Hi everyone! This is one trick I learned earlier to list the files in a directory, when changing into another directory. I think this is actually a pretty useful thing, since I most of the time type ls after I typed cd some_folder on the terminal. So here's how to do it.
Firstly, we'll talk about making a function in fish. A function in fish starts with a line with function with the function name, and ends with a line with end. It looks something like this:

function my_function
# do something
echo "hello world"
end
Then you just need to put it in your config.fish and most people have it in ~/.config/fish/config.fish (at least that's where mine is :p). After you save the file and source the file by executing this command on the terminal source ~/.config/fish/config.fish, your function name have now become a command, and if you type my_function on your terminal, it should print out "hello world".
Now, back to our plan to list the files inside the directory after we just got in. When we use cd we provide the folder name as an argument to it right? So that means we will need to get the argument into our function, and by default it will be $argv. This is similar to bash's $@. If we want to modify our previous function to print out anything provided to it instead of "hello world", we can do this:

function my_function
echo $argv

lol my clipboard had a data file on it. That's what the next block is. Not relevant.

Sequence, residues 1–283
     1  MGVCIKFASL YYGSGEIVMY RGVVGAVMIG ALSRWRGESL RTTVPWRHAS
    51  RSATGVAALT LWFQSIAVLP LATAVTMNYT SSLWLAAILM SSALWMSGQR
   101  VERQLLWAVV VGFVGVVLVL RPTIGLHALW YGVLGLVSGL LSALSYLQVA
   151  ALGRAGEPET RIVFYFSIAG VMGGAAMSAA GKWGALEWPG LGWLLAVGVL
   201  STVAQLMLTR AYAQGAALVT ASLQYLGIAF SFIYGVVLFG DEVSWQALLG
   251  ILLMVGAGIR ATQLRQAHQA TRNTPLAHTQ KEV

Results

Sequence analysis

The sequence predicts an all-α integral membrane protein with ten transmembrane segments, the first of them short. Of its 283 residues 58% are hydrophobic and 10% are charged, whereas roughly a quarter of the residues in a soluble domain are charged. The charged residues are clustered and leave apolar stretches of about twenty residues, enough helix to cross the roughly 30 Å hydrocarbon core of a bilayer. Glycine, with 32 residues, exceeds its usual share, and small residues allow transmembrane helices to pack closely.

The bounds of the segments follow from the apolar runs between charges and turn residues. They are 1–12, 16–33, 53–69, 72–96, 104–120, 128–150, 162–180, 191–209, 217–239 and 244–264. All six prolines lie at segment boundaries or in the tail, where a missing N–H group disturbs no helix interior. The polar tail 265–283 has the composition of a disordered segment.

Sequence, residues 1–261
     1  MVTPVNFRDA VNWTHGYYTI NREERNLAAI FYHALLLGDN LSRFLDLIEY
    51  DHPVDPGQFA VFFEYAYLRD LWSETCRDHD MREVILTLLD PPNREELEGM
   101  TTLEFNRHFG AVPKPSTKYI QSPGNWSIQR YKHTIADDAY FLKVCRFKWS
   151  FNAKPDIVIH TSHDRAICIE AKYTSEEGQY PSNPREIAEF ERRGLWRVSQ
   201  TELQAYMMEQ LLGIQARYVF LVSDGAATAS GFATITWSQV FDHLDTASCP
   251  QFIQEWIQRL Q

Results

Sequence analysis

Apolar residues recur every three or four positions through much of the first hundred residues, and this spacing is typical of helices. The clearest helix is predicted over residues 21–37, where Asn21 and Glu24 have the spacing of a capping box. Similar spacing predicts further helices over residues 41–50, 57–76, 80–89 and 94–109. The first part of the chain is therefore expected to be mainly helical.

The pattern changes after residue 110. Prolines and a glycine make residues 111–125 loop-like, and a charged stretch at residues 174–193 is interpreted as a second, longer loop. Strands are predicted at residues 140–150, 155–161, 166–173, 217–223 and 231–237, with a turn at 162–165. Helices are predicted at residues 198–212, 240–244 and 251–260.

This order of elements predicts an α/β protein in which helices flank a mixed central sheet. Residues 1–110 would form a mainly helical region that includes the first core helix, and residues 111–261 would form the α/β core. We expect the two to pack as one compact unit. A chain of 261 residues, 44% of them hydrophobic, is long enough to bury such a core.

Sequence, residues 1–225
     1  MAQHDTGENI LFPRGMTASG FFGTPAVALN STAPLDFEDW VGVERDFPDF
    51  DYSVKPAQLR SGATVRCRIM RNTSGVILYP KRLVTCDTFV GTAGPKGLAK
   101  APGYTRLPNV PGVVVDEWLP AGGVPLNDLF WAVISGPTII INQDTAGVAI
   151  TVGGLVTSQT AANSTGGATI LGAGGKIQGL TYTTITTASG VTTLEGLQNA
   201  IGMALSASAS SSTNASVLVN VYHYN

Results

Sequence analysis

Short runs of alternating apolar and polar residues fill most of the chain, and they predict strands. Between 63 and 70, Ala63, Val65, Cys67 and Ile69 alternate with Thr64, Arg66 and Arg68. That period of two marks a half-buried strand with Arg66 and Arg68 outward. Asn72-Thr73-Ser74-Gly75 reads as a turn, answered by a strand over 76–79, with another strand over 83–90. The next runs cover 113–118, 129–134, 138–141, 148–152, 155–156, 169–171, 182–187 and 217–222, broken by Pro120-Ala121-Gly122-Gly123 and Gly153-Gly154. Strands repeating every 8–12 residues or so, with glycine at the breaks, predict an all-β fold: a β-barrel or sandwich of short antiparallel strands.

end
However, we've now got 1 problem. If the user did not specify any arguments, the function will just print an empty line. But in the case of cd-ing, we would want to go to home directory right? Then, we can treat that special case by checking if $argv is empty by using count. count $argv will print out the number of things inside $argv. Let's put some if statements to handle empty argument to our function:

function my_function
if count $argv > /dev/null
echo $argv
else
echo "no args given"
end
end
Note that I am putting the output to /dev/null just so it doesn't get printed out on the terminal screen. There are just a few more things that we need to know. Like how this && that in bash is written as this; and that in fish, and also if we do this "$argv", it will be treated as 1 thing.

Moving on to cd

Alright, now we have learned a few basics of fish shell, but just a few more things before putting them together. Since we want to call our function cd, we will need some ways so that our function does not recurse infinitely. To do that, we use the built-in cd command, by putting the word builtin before cd. Let's now put them together:

function cd
if count $argv > /dev/null
builtin cd "$argv"; and ls
else
builtin cd ~; and ls
end
end

Thanks for reading my blog and I hope you have learned something new and useful! :)